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Into the Wild bus approaches its last stop

The famous Into The Wild bus prepares fo its final journey. (Image credit: Alaska National Guard, photo by Brent Goodrum, DNR)

The bus made famous by the inspirational book Into the Wild has been removed from deep in the Alaskan back country by the Alaska Army National Guard.

Jon Krakaurer’s 1996 international bestseller Into The Wild documented the tragic fate of Christopher Johnson McCandless and in many editions featured a photograph of Bus 142 on the cover.

In 1992 McCandless died of starvation inside Bus 142 after hitchhiking to the Alaskan Stampede Trail. Krakaurer then retraced the man's steps over a two-year period from his graduation until his death. The tale of McCandless’s travels, ascetic lifestyle and journal notes became an inspiration for people around the world, and that is where the issue around the bus has arisen.

In recent years the Magic Bus (as McCandless rechristened it) had become a dangerous tourist attraction, luring people into need of rescue and – in two cases – death. Corri A Feige, Department of Natural Resources Commissioner, said of the bus’s removal as part of a training exercise: “We encourage people to enjoy Alaska’s wild areas safely, and we understand the hold this bus has had on the popular imagination. However, this is an abandoned and deteriorating vehicle that was requiring dangerous and costly rescue efforts, but more importantly, was costing some visitors their lives. I’m glad we found a safe, respectful and economical solution to this situation.”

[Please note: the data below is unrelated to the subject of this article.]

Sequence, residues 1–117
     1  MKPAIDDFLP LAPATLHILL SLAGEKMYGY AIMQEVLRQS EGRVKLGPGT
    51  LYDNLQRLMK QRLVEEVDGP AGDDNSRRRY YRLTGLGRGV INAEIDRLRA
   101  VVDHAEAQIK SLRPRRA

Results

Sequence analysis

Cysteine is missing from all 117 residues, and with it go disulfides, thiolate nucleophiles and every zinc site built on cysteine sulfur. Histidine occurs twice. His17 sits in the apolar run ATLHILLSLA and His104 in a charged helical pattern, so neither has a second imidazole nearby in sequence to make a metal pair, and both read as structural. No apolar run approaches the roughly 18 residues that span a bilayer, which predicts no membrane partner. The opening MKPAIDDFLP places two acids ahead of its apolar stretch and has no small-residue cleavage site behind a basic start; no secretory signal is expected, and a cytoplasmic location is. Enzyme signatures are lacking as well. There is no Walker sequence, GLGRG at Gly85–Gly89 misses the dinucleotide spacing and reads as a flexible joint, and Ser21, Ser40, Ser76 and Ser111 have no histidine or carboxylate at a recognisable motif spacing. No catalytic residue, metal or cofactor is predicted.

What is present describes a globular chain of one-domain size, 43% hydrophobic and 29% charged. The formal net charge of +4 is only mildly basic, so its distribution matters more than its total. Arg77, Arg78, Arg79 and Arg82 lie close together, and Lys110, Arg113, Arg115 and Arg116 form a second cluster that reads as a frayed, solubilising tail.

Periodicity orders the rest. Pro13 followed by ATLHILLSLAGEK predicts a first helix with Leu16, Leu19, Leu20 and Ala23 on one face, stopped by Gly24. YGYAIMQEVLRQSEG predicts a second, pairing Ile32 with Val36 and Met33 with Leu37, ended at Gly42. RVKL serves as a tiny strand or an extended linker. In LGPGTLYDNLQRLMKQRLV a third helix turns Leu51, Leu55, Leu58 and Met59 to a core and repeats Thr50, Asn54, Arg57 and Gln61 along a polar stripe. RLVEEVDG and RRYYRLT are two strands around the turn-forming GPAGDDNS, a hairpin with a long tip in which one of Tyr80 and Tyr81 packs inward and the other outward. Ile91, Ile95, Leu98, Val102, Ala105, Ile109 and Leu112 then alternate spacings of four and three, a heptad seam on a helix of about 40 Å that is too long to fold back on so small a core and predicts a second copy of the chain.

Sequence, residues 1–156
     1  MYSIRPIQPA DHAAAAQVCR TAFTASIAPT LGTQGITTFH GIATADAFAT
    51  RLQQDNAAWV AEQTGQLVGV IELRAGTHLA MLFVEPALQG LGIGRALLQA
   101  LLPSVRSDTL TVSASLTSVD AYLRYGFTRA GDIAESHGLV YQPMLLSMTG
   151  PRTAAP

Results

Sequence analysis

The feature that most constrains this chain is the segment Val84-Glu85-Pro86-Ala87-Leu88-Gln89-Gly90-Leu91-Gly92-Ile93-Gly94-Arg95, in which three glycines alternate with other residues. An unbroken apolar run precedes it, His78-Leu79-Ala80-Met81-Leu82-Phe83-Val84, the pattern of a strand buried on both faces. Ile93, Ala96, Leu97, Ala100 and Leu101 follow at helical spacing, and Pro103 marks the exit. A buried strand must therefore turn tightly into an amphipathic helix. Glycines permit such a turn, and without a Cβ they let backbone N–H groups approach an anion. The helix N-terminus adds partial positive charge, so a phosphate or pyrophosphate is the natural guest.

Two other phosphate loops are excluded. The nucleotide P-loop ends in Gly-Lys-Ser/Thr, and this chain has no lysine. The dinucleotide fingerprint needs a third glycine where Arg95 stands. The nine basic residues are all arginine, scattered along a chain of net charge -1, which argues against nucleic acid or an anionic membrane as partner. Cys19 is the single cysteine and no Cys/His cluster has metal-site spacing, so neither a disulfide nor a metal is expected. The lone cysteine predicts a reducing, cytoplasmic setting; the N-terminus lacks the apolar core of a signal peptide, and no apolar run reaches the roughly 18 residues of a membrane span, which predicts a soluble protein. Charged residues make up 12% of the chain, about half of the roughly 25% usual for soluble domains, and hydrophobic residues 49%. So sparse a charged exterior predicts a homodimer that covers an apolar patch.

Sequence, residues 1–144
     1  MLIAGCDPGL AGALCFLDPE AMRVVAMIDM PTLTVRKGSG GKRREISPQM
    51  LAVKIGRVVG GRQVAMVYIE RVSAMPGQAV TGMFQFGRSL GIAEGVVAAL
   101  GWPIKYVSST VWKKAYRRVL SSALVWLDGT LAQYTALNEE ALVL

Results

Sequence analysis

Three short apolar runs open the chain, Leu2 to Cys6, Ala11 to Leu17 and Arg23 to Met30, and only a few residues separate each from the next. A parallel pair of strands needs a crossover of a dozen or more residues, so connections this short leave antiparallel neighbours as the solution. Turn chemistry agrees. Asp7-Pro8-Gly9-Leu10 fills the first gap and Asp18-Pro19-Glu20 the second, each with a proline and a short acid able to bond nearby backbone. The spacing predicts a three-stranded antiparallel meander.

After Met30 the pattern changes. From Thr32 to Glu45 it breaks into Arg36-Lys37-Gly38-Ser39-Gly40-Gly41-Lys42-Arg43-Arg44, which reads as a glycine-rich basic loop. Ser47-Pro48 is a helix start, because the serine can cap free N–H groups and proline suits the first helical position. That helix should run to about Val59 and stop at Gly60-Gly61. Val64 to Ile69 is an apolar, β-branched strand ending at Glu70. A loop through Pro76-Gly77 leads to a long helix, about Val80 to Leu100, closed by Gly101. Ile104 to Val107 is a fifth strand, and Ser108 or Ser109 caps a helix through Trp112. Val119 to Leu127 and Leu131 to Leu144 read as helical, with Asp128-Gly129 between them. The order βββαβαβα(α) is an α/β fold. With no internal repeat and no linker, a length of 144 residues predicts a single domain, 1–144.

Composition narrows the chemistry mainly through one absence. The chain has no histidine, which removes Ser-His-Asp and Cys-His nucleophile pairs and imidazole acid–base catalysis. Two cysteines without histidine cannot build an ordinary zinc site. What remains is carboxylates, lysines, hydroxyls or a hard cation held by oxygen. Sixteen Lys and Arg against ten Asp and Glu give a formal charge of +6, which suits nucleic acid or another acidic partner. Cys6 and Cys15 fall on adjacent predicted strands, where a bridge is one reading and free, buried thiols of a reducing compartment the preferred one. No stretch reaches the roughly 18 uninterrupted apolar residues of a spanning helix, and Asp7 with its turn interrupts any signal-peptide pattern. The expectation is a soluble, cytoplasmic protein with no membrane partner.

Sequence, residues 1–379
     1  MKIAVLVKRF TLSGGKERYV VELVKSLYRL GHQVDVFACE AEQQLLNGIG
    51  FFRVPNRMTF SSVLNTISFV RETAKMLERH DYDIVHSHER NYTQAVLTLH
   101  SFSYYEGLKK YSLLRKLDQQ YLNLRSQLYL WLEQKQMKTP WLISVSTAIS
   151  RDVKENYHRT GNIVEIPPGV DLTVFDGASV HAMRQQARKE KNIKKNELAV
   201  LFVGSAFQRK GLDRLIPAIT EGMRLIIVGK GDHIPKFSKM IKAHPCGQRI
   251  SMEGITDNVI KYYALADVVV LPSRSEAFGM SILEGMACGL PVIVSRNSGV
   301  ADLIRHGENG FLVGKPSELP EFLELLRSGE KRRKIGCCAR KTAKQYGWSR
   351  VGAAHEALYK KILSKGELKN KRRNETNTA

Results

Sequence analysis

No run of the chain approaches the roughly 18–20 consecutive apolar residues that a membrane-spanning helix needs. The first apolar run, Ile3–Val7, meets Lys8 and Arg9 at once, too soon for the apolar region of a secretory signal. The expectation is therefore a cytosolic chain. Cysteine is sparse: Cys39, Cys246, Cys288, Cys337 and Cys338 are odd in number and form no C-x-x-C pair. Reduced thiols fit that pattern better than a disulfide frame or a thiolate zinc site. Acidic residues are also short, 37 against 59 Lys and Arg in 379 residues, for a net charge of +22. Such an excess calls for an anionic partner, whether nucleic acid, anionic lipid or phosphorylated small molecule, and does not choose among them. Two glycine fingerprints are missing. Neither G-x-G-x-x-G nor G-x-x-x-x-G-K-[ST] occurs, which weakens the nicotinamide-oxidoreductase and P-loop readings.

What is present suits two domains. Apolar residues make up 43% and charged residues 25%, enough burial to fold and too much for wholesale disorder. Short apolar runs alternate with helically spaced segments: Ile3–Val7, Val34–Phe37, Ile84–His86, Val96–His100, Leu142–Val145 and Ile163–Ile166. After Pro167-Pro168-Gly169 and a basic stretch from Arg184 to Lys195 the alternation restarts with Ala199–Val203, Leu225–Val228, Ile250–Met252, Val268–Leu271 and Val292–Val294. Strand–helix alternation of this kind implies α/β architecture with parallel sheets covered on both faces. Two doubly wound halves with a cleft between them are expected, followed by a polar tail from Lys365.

Alaska National Guard airlifting the iconic Bus 142 from Into The Wild. 

Alaska National Guard airlifting the iconic Bus 142 from Into The Wild.  (Image credit: Alaska National Guard)

Into The Wild spawned two films in 2007 – a drama directed by Sean Penn, also called Into The Wild, and the documentary The Call Of The Wild. Jon Krakaurer told The Washington Post: "I wish the bus could have remained how it was… but I wrote the book that ruined it."

There have been no details given about Bus 142’s eventual fate, but given that people would risk life and limb to visit it we at Advnture hope that it might find its way to a museum or travelling exhibition so that others will continue to be inspired by McCandless’s tale, as well as gaining an understanding of the dangers of going into the wilderness unprepared.